# Question #70d16

Oct 16, 2016

Here's what I got.

#### Explanation:

For starters, the reaction you're looking at here is

$3 {\text{H"_ (2(g)) + "N"_ (2(g)) -> 2"NH}}_{3 \left(g\right)}$

Notice that the reactants' side contains

• three moles of hydrogen gas, $3 \times {\text{H}}_{2}$
• one mole of nitrogen gas, $1 \times {\text{N}}_{2}$

The product's side contains

• two moles of ammonia, $2 \times {\text{NH}}_{3}$

Now, let's take each cube to be equivalent to one unit of volume. You can thus say that you have

• $\text{4 moles of gas in 4 cubes } \to$ for the reactants' side

• $\text{2 moles of gas in 2 cubes } \to$ for the product's side

Notice that the ratio of moles of gas to number of cubes remains unchanged. You have

• $\text{4 moles gas"/"4 cubes" = "1 mole/cube } \to$ for the reactants' side

• $\text{2 mole gas"/"2 cubes" = "1 mole/cube } \to$ for the product's side

This essentially means that the pressure remains unchanged because you get the same moles of gas to volume ratio on both sides of the reaction.

$\textcolor{w h i t e}{a}$
PROVE THIS USING BOYLE'S LAW

To prove this, let's assume that the volume remains constant, i.e. that you end up with $2$ moles of gas in $4$ cubes on the product's side.

Since pressure is directly proportional to the number of moles of gas when temperature and volume are kept constant, decreasing the number of moles of gas by a factor of $2$ would cause the pressure to decrease by the same factor.

You can thus say that

$\textcolor{b l u e}{\overline{\underline{| \textcolor{w h i t e}{\frac{a}{a}} {P}_{1} / {n}_{1} = {P}_{2} / {n}_{2} \textcolor{w h i t e}{\frac{a}{a}} |}}}$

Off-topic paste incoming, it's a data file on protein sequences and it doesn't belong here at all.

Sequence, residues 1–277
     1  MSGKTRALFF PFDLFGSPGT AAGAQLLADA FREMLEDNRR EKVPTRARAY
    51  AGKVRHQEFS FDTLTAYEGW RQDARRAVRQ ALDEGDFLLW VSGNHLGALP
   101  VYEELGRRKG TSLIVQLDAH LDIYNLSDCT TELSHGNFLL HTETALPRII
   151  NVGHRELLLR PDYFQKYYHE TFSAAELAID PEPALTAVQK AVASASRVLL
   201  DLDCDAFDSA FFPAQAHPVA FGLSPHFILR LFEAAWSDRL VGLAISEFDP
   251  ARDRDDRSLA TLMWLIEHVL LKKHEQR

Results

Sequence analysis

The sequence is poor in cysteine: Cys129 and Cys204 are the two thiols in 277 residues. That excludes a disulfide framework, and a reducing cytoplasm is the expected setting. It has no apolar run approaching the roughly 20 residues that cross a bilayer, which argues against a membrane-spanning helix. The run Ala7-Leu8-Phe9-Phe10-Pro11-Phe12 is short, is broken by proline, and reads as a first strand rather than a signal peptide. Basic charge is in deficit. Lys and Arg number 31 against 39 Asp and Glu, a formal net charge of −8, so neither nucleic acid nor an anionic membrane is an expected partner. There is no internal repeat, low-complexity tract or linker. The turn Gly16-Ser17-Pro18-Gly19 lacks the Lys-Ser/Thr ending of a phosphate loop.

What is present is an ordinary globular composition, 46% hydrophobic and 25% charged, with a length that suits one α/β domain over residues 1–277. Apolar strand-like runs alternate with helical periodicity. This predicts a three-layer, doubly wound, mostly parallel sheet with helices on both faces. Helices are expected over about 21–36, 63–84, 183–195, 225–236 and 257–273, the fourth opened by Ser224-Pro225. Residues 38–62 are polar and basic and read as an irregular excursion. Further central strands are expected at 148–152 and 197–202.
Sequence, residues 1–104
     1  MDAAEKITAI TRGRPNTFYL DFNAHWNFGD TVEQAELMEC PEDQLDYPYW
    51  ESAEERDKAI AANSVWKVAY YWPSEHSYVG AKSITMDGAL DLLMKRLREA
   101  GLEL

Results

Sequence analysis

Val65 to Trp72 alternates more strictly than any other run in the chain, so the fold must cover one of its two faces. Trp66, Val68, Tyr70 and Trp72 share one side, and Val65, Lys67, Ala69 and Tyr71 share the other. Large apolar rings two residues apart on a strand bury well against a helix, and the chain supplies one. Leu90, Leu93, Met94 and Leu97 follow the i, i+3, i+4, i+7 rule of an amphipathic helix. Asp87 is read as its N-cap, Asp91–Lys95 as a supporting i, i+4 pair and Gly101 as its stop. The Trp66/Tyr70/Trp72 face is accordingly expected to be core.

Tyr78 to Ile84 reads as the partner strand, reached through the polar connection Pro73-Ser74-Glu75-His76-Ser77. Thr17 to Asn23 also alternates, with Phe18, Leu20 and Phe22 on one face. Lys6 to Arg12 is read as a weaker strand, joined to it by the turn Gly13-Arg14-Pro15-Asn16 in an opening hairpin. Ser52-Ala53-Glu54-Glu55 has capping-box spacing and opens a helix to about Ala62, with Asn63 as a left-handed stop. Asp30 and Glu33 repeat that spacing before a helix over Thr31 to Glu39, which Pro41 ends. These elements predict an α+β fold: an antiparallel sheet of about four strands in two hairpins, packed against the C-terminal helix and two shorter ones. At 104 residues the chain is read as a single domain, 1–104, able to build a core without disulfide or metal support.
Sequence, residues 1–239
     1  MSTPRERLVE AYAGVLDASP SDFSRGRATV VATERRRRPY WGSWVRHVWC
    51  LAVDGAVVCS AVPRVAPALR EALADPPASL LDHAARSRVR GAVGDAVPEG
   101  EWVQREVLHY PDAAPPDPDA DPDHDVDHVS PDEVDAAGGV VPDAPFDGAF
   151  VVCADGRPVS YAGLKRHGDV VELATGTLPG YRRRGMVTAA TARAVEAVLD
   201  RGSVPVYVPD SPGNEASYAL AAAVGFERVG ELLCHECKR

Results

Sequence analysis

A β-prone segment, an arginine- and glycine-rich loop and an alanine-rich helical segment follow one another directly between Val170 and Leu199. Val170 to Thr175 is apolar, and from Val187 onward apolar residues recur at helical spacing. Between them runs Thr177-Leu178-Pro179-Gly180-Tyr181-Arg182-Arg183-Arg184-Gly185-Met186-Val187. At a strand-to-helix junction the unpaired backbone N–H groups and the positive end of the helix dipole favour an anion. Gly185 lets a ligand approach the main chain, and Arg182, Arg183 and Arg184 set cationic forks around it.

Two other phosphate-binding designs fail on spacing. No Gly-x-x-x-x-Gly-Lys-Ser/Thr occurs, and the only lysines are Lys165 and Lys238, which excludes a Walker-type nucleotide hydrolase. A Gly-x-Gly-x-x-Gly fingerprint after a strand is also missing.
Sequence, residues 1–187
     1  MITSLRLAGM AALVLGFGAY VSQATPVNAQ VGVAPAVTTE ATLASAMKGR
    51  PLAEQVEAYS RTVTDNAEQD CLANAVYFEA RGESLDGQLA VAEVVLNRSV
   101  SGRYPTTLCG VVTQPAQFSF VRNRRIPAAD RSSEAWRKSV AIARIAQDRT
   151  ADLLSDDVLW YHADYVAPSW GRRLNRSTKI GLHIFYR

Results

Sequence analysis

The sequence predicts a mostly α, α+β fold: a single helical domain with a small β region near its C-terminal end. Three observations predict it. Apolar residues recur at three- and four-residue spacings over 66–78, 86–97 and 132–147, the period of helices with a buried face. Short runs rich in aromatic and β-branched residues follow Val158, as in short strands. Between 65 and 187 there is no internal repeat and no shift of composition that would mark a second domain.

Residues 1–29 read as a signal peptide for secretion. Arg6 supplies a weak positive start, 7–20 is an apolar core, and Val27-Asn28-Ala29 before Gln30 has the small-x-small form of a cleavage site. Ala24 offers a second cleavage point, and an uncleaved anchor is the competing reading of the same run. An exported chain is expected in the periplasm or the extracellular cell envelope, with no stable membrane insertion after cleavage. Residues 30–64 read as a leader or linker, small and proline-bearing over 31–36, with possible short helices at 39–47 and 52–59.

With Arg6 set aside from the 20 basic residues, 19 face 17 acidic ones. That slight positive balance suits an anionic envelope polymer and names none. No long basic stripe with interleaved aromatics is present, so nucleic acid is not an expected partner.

Here

${n}_{1}$, ${P}_{1}$ - the initial number of moles of gas and the volume they occupy
${n}_{2}$, ${P}_{2}$ - the final number of moles of gas and the volume they occupy

In this case, you'd have

${P}_{2} = {n}_{2} / {n}_{1} \cdot {P}_{1}$

${P}_{2} = \left(2 \textcolor{red}{\cancel{\textcolor{b l a c k}{\text{moles"))))/(4color(red)(cancel(color(black)("moles}}}}\right) \cdot {P}_{1} = \frac{1}{2} \cdot {P}_{1}$

This is the pressure on the reactant's side if you have $2$ moles of gas in $4$ cubes.

Now focus on the product's side alone. You keep the number of moles of gas and the temperature constant and decrease the volume from $4$ cubes to $2$ cubes.

You know from Boyle's Law that pressure and volume have an inverse relationship when the number of moles of gas and the temperature are kept constant

$\textcolor{b l u e}{\overline{\underline{| \textcolor{w h i t e}{\frac{a}{a}} {P}_{\text{1 product" * V_"1 product" = P_"2 product" * V_"2 product}} \textcolor{w h i t e}{\frac{a}{a}} |}}}$

In this case, you'd have

${P}_{\text{2 product" = V_"1 product"/V_"2 product" * P_"1 product}}$

${P}_{\text{2 product" = (4 color(red)(cancel(color(black)("cubes"))))/(2color(red)(cancel(color(black)("cubes")))) * P_"1 product}}$

${P}_{\text{2 product" = 2 * P_"1 product}}$

But you know that ${P}_{\text{1 product}}$, which is the pressure you get after the reaction is complete, is equal to

${P}_{\text{1 product}} = \frac{1}{2} \cdot {P}_{1}$

Here ${P}_{1}$ is the pressure you start with on the reactants' side.

Therefore,

${P}_{\text{2 product}} = {P}_{2} = 2 \cdot \frac{1}{2} \cdot {P}_{1}$

${P}_{\text{2 product}} = {P}_{1}$

Once again, this goes to show that the pressure remains unchanged because you decreased the number of moles of as by a factor of $2$ and decreased the volume by a factor of $2$.